Feb. 5, 2012
It is disconcerting to learn that goodness does not prevent us from operating out of a blind spot in self-knowledge.
In the cultural context of the Matthew 20 story, introspection and self-examination were not common cognitive activities. I expect that the workers that started at six o’clock thought throughout the day about grapes, and the stubborn mules, and the heat, and, in anticipation, about the denarius each would receive at the end of the day. I doubt that any of them gave much attention to their inner world.
These were good people. When the five o'clock latecomers joined the work crew at the vineyard, I’m sure that a number of them thought kindly, "I'm glad to see John; he won't get much this late, but at least they'll have something at their house tonight for food." I seriously doubt that any one of them consciously thought, “I am certainly superior to that fellow who just came to work."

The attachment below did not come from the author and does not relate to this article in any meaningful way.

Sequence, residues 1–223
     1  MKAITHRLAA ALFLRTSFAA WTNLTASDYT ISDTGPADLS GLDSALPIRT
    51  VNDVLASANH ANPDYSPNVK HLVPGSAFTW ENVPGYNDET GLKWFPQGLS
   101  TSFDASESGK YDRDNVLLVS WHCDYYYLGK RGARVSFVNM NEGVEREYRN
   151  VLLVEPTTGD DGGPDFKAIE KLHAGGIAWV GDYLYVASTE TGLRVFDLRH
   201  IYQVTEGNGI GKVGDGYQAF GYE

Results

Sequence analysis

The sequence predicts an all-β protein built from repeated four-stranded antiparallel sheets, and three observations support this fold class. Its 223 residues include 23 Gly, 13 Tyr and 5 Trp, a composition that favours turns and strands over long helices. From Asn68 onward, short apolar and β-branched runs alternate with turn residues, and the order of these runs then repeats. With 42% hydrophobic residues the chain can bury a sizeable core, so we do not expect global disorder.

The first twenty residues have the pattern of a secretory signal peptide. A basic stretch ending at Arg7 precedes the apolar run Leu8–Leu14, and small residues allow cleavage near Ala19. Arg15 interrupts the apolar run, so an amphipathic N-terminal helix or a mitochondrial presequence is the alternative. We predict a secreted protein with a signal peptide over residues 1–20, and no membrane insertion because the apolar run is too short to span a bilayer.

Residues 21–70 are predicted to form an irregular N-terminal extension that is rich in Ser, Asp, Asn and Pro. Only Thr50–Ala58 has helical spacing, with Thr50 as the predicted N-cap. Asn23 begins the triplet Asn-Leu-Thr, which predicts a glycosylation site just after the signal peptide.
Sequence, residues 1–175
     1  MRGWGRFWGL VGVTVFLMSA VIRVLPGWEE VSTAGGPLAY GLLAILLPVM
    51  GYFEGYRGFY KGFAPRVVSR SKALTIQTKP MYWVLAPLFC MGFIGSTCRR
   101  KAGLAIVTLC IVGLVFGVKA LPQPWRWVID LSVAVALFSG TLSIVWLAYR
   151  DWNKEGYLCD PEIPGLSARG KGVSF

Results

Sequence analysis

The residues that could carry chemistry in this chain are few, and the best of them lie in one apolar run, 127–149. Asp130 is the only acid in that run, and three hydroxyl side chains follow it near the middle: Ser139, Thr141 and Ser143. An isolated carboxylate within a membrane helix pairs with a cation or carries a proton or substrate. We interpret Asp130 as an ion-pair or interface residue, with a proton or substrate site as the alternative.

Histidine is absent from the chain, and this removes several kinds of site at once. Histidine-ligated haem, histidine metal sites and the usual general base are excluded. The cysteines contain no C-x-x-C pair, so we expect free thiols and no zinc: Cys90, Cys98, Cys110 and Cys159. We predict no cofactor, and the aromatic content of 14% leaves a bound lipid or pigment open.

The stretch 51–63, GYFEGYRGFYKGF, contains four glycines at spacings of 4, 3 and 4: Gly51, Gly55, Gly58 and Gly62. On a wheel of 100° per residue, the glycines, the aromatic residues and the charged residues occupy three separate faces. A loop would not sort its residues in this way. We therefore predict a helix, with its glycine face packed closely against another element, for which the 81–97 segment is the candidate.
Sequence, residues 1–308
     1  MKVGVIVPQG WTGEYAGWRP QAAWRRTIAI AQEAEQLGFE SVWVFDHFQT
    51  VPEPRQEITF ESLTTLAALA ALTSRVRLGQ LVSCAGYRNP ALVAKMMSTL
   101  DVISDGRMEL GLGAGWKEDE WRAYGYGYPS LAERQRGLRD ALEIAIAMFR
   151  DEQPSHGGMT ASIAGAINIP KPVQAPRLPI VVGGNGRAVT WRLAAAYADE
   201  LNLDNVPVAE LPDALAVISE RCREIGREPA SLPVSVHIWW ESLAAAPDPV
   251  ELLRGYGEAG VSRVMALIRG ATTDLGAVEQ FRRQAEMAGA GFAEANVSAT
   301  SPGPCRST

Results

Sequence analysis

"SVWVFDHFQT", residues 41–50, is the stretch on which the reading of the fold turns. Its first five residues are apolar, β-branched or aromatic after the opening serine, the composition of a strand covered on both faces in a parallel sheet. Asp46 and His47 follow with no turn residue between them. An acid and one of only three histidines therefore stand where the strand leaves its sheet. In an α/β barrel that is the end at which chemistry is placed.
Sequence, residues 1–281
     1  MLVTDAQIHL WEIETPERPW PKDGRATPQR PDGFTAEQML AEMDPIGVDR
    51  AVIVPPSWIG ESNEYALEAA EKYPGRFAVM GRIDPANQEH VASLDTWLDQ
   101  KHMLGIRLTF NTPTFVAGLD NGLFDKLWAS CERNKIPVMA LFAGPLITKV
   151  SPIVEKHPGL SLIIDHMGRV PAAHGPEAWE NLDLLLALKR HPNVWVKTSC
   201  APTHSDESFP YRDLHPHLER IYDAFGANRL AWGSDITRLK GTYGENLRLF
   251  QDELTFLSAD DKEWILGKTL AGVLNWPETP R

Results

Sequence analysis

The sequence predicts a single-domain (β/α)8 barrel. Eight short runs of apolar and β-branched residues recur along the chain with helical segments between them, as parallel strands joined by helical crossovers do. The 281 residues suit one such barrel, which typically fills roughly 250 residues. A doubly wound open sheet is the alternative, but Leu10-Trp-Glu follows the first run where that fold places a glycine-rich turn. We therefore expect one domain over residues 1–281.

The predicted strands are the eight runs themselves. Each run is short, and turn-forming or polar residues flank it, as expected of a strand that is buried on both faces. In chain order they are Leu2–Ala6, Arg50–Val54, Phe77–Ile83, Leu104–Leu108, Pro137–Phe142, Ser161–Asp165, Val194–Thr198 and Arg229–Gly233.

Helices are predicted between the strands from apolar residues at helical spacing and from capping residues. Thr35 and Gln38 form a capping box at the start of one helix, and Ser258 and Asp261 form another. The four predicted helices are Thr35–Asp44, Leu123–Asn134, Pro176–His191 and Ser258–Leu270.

I doubt even more that any of the good workers could have verbalized the unstated expectation that the employer-worker relationship would support not only their economic need but their need for a sense of personal worth as well. I think they were caught totally unaware at the intensity of the sense of offense they felt when a gift as large as the wages they had earned was given to the "undeserving" five o'clock workers.
At times we are surprised at the anger we feel when conflict strains and eventually breaks a relational connection. Sometimes this unexpected anger startles us into aggressive behavior that we regret and often find difficult to explain.
For the most part, these unwelcome surprises are rooted in the unrecognized expectations that we have invested in the relationship.
If we unconsciously require a relationship to demonstrate that our goodness makes us superior to others, we will inevitably find ourselves angry and disappointed even when the relationship, so to speak, may be “paying” us a fair wage.
We can have no peace with ourselves and no lasting satisfaction in relationships if we have hidden under our goodness the conviction that “I am enough only when I am more than my neighbor, my partner, my friend.”
Thinking with you about the ways in which we ask (and answer) the haunting human question “Am I enough?”
See you next week.